Posts: 5163
Loc: W. WA
I don't understand someone indicating that self-defense isn't survival. All the preps in the world aren't worth much if you can't make some kind of response to assault.

In Cody Lundin's latest book "When All Hell Breaks Loose", he talks about American Combato as being the most useful real-world self defense system. It's a way to learn to defend yourself that isn't from one of the 'recognized' clubs of self defense. I didn't know that was it's name, but it has long been the system that I subscribe to.

Here's their website, but Lundin's interview was very descriptive and enlightening. http://www.americancombato.com/index.cfm


#183636 - 09/29/09 11:55 PM Re: Should survival prep include self-defense training [Re: Susan]
Kingarthur Offline

Registered: 09/26/09
Posts: 32
Loc: Texas
I agree with several of the comments here. Physical endurance is necessary when humping it with everything you need on your back. Also, there is nothing at all wrong with being able to defend yourself, whether it be the martial art of your choice (there are very few bad forms out there), or knowing how to properly use a firearm-or both. I have been a gun toater by trade for over 11 years. My wife was raised that guns were evil, dangerous, etc. and had no experience with them. I took her, trained her in safety and marksmanship. Now, she is completely autonomous, is one heck of a good shot, and has her own CCL license.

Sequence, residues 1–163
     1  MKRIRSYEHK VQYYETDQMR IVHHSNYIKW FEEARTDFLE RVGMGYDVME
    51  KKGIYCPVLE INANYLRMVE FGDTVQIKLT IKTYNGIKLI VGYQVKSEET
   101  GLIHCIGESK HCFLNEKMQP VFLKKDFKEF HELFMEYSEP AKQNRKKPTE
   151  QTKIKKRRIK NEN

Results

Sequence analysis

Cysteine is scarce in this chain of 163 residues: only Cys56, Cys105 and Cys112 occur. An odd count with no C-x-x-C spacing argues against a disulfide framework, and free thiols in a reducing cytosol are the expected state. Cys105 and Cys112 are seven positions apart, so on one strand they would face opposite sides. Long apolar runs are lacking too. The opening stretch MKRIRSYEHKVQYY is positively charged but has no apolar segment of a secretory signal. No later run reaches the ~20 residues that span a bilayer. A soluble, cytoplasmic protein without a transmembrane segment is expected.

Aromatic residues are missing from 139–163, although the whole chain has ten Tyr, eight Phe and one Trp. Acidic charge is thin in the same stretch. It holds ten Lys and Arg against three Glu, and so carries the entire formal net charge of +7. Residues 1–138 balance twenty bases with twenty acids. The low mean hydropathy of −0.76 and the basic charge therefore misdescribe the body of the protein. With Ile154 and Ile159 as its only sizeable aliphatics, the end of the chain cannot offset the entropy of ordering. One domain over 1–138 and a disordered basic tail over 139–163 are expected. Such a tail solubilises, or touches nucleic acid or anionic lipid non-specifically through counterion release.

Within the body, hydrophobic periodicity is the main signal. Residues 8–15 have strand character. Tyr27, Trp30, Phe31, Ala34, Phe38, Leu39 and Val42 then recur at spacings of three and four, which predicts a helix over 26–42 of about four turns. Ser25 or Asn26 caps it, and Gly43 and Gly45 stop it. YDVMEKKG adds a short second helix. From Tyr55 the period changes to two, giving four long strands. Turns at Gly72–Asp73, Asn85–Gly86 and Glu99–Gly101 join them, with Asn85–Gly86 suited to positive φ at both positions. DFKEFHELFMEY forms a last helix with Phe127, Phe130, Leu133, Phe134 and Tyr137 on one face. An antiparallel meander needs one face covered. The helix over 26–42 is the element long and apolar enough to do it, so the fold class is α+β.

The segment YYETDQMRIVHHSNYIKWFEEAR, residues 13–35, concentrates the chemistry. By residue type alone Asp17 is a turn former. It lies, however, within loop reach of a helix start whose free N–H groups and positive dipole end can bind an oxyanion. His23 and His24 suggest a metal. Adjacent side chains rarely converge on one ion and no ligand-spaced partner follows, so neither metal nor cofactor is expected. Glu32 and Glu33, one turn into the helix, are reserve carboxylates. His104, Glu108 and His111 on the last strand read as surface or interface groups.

Anyone can learn martial arts or firearms acuity. What the person does with it has a lot to do with their character like any other aspect of life. There are those that are responsible, there are those that are reckless. The reckless one's usually end up wearing handcuffs when it comes to the two above mentioned issues.
The journey of 1,000 miles begins with a single step.

#183650 - 09/30/09 12:38 AM Re: Should survival prep include self-defense training [Re: NightHiker]
2005RedTJ Offline

Registered: 01/07/09
Posts: 475
Loc: Birmingham, Alabama
Originally Posted By: NightHiker
Originally Posted By: MDinana
With respect to RedTJ, I have to wonder if carrying a firearm makes you 'want' to use it and thus put yourself into situations that you might have gotten out of?

That's almost always a matter of individual attitude and maturity. And by maturity I mean in a personal sense not age, Ive known 20 y/o kids who were more mature than some of the seasoned old men I've known.

I don't intentionally put myself in harm's way just because I'm carrying. My current line of work has put me in a bad area a few times, as did my previous one. When your job is to go to a call in a high-crime neighborhood, in the middle of the night, and work on something, you're crazy if you go unarmed - in my personal opinion.